Bread and Type 2 Diabetes
Research shows that eating fewer starchy foods like bread, and less red meat, processed food, and sugar-sweetened beverages -- along with an increased intake of fruits, vegetables, whole grains, fish, and poultry -- decreases the risk of getting type 2 diabetes.
Eating any kind of carbohydrate raises blood sugar levels. But carbs aren't all the same. Sugars and refined grains raise blood sugar quicker than complex carbohydrates, found in foods including beans and other vegetables.
"Complex carbohydrates are digested more slowly, and their ability to cause blood glucose level spikes is limited," says Hillary Wright, RD, director of nutrition counseling at the Domar Center for Mind/Body Health.
That may be particularly important for people with type 2 diabetes. In type 2 diabetes, your body has problems controlling blood sugar.
Cutting back on refined grains, such as white bread, and eating more whole grains in their place are good moves. "Whole-grain bread has more fiber than refined, and fiber helps slow the absorption of carbohydrates consumed at the same meal or snack," Wright says.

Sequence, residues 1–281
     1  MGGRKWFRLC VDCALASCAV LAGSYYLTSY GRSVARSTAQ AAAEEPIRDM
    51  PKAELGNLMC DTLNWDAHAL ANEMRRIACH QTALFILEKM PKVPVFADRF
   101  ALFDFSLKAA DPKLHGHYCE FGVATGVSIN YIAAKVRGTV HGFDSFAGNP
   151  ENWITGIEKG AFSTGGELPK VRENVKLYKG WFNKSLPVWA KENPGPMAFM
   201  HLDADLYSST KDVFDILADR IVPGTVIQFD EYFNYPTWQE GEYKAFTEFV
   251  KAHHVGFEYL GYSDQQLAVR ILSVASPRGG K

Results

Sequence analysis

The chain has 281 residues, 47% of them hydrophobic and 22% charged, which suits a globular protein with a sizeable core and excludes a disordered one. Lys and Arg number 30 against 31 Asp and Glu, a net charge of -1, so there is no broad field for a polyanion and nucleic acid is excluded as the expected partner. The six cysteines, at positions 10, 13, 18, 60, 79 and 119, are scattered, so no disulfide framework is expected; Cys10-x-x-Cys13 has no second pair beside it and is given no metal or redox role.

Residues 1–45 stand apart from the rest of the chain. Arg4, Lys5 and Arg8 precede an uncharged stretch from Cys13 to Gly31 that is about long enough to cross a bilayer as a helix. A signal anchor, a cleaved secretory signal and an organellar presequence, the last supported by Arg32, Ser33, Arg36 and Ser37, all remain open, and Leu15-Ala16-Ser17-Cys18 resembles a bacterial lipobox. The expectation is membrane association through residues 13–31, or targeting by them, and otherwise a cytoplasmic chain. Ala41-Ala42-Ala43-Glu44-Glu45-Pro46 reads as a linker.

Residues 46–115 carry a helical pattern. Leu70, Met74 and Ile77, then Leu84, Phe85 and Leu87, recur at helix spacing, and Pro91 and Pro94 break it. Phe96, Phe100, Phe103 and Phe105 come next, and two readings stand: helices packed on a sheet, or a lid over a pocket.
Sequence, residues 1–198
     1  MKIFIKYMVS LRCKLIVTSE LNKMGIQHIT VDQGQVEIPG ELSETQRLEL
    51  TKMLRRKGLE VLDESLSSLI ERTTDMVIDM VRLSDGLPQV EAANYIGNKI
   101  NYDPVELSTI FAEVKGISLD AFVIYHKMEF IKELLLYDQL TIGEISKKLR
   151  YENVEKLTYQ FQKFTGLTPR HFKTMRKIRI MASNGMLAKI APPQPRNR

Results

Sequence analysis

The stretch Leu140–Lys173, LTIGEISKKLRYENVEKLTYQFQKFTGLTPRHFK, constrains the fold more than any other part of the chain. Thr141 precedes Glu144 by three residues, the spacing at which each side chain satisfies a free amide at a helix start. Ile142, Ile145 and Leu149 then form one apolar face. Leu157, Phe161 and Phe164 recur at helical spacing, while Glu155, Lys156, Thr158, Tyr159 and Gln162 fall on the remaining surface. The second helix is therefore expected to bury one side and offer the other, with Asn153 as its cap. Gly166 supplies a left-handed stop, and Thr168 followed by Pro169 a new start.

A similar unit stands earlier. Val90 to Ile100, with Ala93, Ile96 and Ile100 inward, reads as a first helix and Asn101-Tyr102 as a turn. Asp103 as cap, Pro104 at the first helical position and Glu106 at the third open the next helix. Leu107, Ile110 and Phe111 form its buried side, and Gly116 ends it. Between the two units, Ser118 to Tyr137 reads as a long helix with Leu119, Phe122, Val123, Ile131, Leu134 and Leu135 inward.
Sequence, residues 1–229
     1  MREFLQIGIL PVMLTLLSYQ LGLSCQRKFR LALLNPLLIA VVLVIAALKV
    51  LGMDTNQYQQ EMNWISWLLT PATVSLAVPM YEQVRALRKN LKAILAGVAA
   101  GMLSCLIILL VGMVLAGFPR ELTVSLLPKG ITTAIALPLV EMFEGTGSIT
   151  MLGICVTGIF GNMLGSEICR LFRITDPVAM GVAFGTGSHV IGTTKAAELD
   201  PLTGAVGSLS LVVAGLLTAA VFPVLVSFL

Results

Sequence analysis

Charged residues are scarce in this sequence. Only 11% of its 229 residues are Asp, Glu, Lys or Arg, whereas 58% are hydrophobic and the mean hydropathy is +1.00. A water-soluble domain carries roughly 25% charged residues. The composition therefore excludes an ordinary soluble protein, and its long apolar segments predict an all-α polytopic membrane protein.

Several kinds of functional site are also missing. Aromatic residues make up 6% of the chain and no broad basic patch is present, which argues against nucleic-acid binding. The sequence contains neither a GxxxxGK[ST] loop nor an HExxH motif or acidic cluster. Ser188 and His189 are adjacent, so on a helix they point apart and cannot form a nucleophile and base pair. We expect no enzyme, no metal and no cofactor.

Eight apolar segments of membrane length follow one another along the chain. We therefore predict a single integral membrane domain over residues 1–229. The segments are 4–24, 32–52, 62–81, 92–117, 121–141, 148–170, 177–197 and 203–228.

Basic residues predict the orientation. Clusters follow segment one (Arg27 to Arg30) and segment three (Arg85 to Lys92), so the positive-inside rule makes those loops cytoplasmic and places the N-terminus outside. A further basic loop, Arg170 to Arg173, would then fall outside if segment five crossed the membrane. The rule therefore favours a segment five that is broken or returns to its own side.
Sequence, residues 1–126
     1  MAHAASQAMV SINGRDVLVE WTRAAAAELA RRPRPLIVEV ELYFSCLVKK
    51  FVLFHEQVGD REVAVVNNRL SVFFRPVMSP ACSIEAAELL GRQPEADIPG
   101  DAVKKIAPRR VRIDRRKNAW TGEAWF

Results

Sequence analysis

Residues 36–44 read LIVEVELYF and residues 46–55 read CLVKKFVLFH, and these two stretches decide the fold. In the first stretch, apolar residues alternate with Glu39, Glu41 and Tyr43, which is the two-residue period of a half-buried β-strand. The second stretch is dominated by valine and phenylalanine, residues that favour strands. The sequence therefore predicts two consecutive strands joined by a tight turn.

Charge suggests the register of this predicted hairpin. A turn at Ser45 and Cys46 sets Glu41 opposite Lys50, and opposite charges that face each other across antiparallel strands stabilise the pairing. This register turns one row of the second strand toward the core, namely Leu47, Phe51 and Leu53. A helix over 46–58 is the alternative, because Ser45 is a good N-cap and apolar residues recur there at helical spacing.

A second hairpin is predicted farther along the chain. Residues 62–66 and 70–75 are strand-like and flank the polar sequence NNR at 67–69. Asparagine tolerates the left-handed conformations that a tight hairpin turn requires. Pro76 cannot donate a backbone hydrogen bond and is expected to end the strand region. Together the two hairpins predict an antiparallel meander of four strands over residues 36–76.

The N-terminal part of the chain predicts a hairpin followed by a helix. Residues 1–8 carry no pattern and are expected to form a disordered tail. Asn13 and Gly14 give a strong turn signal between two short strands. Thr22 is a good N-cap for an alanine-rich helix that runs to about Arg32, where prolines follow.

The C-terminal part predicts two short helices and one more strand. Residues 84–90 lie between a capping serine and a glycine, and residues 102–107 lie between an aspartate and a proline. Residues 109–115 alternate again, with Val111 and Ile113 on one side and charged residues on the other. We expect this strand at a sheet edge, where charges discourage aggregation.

Bread and Gluten Intolerance
"Bread has been getting a bad rap for a long time," says Shelley Case, RD, nutrition consultant and author of Gluten-Free Diet: A Comprehensive Resource Guide. "It's worse now because there's so much negative press about gluten, the protein found in wheat, rye, and barley."
Some people cannot tolerate gluten because they have celiac disease. Their immune system mistakes gluten as dangerous, triggering a reaction that attacks the body. For people with celiac disease, avoiding any source of gluten -- found in many products besides bread -- is an absolute must.
Celiac disease is getting diagnosed more often these days. Many other people without celiac disease link their stomach upset and fatigue to gluten. This is called non-celiac gluten sensitivity, which is more common than celiac disease.
To find out if you have celiac disease, see your doctor. If you don't have celiac disease and want to give up gluten to see if it helps your tummy troubles, see a dietitian to help track your symptoms and make sure your gluten-free diet is healthy.